Branching Out: The future of retail banking

How will culture-change-driven-innovation change retail banking – will the future be branchless; will mobile banking grow fast; and will we get to a cashless future? Today’s Branching Out report answers these questions through a new joint survey with ComRes.

The bank branch definitely has a future. The branch is overwhelming preferred, with 62% of our survey preferring to access banking services through the branch. However despite this preference there was less evidence of a personal tie, with only a minority of people knowing the name of someone at their branch. In the written responses to our research, Head of Personal and Business Banking at Barclays, Steve Cooper, affirmed the future of the branch, and Accord the Union General Secretary, Ged Nichols, said that branch service will be the core of culture change and improved service. We believe that the innovation in automation that is now being rolled out will mean that fewer transactions and more of the complex services will be done in the branch and as a result more people will know the name of someone at their branch. Steve Cooper will be on our panel for our launch event this lunchtime.

However, we also believe that branch is under pressure. In our survey, only a minority of affluent and young people – the demographics that account for much of retail banking revenues – prefer the branch. The branch is also the channel seeing the most innovative entry, from Handelsbanken and Metrobank, making it the focus of competition. The branch is also the most expensive channel of service, fifty times more expensive than mobile service. It’s not surprising, therefore, that Nottingham University’s research showed that branch closures have been falling most heavily in former manufacturing areas. While we do wonder if the Post Office Bank with its 12,000 potential branches could make improve branch access, we are concerned that capping the market share of banks will have the effect of making closures in poorer areas more acute. Adrian Harvey, from Citizen’s Advice Bureau, writes in our report on the problems of financial exclusion of poor branch service. Adrian will be on our panel.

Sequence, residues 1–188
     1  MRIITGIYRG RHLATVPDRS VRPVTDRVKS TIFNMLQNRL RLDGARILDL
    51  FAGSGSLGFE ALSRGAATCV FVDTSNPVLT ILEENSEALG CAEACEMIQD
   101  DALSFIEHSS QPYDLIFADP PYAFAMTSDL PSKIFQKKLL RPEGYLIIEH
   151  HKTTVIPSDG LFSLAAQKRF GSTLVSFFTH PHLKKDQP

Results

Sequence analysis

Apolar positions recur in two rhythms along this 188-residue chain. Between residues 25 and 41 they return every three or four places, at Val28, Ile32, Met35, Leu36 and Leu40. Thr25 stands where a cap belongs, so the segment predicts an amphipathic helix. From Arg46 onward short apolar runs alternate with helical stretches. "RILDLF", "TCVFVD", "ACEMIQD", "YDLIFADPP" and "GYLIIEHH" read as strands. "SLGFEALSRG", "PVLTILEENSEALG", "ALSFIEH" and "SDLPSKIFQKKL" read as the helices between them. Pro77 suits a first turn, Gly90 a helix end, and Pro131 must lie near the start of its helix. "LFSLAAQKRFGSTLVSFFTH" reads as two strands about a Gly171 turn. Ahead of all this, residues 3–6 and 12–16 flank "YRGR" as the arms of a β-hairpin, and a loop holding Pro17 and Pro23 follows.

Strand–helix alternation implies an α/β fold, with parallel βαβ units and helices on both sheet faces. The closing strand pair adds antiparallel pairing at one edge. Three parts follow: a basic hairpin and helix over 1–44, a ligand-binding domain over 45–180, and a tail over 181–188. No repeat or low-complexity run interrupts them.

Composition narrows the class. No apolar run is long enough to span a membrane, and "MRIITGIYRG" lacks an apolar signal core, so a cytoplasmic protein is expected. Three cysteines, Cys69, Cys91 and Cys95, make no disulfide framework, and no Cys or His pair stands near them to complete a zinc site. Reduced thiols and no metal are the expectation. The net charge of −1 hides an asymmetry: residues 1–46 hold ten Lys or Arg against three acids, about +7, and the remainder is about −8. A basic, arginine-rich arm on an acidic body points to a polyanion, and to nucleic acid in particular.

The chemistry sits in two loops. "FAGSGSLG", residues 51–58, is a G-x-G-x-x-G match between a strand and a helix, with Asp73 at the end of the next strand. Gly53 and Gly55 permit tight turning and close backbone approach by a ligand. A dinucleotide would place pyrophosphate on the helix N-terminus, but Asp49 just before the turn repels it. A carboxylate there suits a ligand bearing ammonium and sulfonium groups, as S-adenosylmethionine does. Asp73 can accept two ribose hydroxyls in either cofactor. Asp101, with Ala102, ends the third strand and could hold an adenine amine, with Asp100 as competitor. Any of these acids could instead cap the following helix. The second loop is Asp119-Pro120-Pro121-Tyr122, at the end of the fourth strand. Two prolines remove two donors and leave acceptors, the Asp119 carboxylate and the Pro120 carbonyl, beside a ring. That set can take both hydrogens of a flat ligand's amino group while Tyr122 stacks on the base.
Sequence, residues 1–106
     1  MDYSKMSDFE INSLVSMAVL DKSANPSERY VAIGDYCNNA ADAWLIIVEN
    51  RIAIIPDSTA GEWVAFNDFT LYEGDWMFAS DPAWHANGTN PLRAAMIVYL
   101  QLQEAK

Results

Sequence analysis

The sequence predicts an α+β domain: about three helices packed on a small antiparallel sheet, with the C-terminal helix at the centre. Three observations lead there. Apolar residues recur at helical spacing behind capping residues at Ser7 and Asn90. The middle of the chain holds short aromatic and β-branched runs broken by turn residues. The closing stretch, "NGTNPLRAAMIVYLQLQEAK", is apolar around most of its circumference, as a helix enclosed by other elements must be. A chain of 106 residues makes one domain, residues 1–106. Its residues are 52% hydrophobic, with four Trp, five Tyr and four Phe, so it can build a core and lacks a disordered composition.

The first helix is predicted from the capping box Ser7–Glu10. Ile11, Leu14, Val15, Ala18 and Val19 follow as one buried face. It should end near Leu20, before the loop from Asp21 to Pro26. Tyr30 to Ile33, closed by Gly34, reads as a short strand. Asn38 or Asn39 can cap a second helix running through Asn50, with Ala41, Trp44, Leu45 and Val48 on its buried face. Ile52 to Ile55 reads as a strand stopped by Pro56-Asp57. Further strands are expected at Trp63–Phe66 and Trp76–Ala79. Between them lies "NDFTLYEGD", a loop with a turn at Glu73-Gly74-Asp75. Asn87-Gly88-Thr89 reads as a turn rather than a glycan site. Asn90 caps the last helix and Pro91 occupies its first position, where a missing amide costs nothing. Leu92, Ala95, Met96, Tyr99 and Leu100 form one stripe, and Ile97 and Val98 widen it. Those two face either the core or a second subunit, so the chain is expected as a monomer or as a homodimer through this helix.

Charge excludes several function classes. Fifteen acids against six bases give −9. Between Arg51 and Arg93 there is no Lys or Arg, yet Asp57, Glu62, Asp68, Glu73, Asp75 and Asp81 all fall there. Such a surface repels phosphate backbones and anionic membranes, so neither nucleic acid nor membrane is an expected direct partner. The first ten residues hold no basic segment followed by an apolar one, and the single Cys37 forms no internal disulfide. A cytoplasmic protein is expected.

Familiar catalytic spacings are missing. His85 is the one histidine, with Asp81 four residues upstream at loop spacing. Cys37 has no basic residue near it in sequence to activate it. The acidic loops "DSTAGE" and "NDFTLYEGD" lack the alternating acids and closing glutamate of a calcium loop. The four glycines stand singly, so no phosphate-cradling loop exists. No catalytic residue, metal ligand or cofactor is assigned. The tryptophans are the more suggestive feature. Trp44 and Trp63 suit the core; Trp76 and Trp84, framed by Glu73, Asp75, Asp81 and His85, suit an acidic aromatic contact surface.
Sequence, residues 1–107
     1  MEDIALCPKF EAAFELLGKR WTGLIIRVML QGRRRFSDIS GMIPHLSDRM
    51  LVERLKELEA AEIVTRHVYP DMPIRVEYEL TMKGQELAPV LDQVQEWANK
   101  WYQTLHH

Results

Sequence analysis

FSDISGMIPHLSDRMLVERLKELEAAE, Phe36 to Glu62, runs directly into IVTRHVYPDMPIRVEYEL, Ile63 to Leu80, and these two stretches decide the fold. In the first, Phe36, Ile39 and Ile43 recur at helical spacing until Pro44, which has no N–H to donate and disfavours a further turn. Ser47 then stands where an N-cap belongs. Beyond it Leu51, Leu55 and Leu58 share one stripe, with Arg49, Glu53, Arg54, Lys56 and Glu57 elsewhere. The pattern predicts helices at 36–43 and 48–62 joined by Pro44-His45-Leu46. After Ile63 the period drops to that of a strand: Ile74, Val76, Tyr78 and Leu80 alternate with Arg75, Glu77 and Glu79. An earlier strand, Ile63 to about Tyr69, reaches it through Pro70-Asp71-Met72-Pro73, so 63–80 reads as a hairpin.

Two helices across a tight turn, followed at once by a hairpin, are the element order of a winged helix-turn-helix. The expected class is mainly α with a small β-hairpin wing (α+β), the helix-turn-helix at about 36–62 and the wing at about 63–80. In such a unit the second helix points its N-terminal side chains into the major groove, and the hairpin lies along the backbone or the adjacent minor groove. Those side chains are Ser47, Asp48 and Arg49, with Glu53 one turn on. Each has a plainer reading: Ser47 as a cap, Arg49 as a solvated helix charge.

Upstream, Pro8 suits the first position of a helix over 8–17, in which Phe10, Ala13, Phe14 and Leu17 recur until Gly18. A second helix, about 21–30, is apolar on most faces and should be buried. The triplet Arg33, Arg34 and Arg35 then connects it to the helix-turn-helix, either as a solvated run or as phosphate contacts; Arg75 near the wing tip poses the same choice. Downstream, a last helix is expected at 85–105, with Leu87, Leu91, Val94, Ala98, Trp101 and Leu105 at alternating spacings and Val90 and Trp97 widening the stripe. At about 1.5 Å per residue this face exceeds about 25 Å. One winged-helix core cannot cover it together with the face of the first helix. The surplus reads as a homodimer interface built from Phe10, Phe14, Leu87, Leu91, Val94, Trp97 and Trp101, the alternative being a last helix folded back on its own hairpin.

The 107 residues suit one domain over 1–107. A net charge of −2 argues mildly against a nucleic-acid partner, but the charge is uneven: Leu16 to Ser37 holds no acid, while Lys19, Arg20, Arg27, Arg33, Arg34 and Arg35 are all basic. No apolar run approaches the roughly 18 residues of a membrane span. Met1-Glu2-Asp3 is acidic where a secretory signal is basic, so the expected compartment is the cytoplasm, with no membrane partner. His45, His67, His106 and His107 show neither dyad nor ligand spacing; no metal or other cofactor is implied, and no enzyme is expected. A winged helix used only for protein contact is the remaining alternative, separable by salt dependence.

However, our report wonders if a future universal banking service lies in the innovation that ought to be possible in mobile banking; innovations that gives back control of payments to the consumer. Mark Mullen, CEO of first direct (a bank that doesn’t have any branches, but consistently is voted consumers’ bank of the year) suggests in his response, that banks have misunderstood the market opportunity in the online adoption laggards. His view is that they represent the obvious beta-testers for a much better banking service. We are excited by this opportunity and look forward to a much better service, citing American innovator, Moven as an example, and noting that another innovator, Simple, was bought by a big bank last week.

We think the cashless society is very close and is being held back by very high charges – merchant card charges are 25 times cash handling charges. We hope that banks will realise that by reducing merchant charges they will reduce the costs of the cash driven use of the branch. Adam Marshall from the British Chambers of Commerce will be at our event. The cashless society could be driven by future entrants in mobile banking, however we don’t see any on the horizon, and this worries us – that’s why we suggested Oyster card get a banking licence.

Indeed, we worry that nearly all of the entrants into banking are not offering a current account but are only offering lending. The lending market of the last decade was very competitive but it led to Northern Rock’s. We think good competition comes from both from current account innovation, but even more so from the peer to peer and crowd funding innovators. Current accounts contribute a quarter of banks’ revenues, profits that banks that just lend miss out on, making them more vulnerable to losses and going bust. If the FCA’s competition policy is macroprudential then at a minimum it should be easier to enter the current account market than the lending market, and perhaps the regulator should consider restricting lending licences to those offering a current account.

We wonder why the regulator doesn’t like crowd funding and peer-to-peer more. They seem much more macroprudential to us because losses in these platforms will never fall back on the taxpayer. We therefore agree with John Fingleton’s comment that we need a much more support for innovation in competition policy from the FCA. John will be on our panel as well.


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